Meiji-period cloisonné enamel vase heads back to Japan after auction in Kent

A cloisonné enamel vase by Namikawa Yasuyuki, £29,000 at The Canterbury Auction Galleries on April 10.

A Meiji period vase by one of the greatest exponents of the intricate art of cloisonné enamel will be heading back to its country of origin after its sale at The Canterbury Auction Galleries.

Extracted from Antiques Trade Gazette | Roland Arkell

A cloisonné enamel vase by Namikawa Yasuyuki, £29,000 at The Canterbury Auction Galleries on April 10.

The 7.25in (18.4cm) vase from the Kyoto workshop of the renowned artist Namikawa Yasuyuki (1845-1927) was decorated in coloured enamels and varying thicknesses of gold wire with a cockerel and a Pekin chicken among flowers and birds. Signed to the base, it sold to a Japanese collector bidding online for £29,000 on April 10.

The vase had been acquired at some time in the late 19th or early 20th century by Edward John Power (1858-1916), a collector primarily of oriental items, books and paintings and it had passed by descent to his great-grandson. “It was a piece of exhibition quality,” said auctioneer Cliona Kilroy. “We chose it to illustrate the back cover of the sale catalogue and we knew it would sell well, but I was surprised it fetched so much. The family who had inherited it were delighted with the outcome.”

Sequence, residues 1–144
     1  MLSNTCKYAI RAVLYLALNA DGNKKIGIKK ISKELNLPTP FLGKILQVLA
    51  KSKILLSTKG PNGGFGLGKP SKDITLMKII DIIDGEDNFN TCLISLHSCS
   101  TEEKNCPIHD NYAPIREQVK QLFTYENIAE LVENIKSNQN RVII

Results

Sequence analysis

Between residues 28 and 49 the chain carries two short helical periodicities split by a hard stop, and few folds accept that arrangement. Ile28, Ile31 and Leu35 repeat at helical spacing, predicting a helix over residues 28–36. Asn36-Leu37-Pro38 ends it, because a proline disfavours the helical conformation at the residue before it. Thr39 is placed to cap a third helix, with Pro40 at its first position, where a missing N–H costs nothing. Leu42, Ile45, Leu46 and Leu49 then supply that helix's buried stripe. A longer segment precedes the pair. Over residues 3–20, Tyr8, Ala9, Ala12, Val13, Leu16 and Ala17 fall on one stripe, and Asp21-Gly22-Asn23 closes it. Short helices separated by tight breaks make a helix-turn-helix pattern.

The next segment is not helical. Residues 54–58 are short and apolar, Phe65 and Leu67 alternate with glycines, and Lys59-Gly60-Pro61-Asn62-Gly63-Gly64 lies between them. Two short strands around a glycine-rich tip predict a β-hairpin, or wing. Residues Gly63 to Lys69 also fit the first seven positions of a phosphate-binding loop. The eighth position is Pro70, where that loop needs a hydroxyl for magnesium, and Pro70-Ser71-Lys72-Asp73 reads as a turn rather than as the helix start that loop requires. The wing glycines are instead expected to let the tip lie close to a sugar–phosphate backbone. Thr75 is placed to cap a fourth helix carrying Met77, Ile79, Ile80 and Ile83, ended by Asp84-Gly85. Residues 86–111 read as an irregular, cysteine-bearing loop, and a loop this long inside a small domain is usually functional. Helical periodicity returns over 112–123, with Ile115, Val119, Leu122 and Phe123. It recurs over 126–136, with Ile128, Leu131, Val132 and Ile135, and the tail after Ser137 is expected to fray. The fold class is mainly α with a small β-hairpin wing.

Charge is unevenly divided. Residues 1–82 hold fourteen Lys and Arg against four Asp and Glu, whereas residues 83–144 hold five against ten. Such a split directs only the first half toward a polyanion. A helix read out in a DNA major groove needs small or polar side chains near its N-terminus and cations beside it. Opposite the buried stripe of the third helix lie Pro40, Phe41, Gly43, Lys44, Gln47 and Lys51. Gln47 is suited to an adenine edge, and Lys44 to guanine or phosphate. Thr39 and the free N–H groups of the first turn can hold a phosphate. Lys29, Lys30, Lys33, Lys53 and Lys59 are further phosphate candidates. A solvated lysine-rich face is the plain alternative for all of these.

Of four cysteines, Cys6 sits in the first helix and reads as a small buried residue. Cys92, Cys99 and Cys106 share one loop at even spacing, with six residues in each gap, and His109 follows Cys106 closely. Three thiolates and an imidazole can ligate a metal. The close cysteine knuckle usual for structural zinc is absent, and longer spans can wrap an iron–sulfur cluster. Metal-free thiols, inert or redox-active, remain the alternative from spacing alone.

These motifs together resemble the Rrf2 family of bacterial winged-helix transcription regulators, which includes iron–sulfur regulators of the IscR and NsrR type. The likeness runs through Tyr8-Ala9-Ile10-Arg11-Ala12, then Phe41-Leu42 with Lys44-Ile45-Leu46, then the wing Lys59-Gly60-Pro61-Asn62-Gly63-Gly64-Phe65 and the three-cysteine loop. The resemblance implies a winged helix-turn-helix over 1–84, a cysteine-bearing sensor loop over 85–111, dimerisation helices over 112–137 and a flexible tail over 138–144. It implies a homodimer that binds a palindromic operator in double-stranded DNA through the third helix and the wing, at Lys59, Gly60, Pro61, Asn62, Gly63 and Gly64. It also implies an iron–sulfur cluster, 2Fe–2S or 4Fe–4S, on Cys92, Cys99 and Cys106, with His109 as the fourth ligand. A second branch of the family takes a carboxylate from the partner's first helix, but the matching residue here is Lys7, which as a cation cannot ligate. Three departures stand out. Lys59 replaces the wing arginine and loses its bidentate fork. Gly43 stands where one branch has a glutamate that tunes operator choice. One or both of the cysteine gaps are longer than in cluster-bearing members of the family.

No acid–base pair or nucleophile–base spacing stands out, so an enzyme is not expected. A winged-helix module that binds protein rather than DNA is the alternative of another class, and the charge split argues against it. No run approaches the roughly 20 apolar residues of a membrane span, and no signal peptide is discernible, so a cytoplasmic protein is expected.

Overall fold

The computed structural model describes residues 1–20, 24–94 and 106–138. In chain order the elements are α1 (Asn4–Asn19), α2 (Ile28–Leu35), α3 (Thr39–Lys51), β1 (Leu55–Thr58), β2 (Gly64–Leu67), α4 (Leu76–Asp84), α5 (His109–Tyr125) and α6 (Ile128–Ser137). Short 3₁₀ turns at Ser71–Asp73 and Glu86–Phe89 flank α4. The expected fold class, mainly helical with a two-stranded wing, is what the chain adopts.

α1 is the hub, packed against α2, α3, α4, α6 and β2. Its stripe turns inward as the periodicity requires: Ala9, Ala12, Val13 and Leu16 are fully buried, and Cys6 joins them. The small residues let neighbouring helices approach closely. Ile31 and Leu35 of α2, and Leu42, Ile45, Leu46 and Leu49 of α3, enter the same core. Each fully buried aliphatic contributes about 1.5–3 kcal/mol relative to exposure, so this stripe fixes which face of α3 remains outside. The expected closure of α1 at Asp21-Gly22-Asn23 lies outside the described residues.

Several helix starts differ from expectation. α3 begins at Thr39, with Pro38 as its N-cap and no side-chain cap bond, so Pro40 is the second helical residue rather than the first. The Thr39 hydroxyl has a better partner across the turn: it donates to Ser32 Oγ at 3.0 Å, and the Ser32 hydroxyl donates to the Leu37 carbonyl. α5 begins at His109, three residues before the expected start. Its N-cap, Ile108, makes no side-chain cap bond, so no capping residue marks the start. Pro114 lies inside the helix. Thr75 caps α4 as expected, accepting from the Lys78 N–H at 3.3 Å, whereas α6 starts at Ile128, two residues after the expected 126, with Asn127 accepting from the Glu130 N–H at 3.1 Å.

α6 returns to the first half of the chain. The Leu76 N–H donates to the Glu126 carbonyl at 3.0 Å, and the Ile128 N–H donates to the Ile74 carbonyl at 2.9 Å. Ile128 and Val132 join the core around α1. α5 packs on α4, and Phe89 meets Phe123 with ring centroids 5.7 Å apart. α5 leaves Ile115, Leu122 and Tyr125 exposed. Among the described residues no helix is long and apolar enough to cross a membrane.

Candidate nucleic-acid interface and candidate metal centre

Namikawa was instrumental in refining the art of cloisonné into elegant visual fantasies known in Japan as shippo-yaki. By the 1890s, he employed a team of highly skilled specialist craftsmen in Kyoto fulfilling imperial commissions and selling to private Edwardian collectors of Japanese art worldwide. A major exhibition in Japan in 2017 reignited interest in his work.

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Another piece by Namikawa, a 6in (1.5cm) high vase and cover, appeared at Mellors & Kirk of Nottingham on March 20. It was the subject of much interest before the sale eventually selling to a phone bidder for a hammer price of £16,000.

Unsigned as is often the case (Namikawa believed that “If my work will not declare itself to be mine, then the marking will do no good”) it was from a slightly earlier period c.1880-90 and decorated with panels of flowers and butterflies or a phoenix separated by silver and copper wires. It was sold together with a blue card label, found inside, for the Barcelona Universal Exposition, 1888.

Enamels by the Namikawa workshop were displayed in the Japanese pavilion at Barcelona alongside work by Kozan, Eisuke and Chokichi, together with a large display of the work of prestigious Japanese companies co-ordinated by Matsuo Gisuke (1837-1932).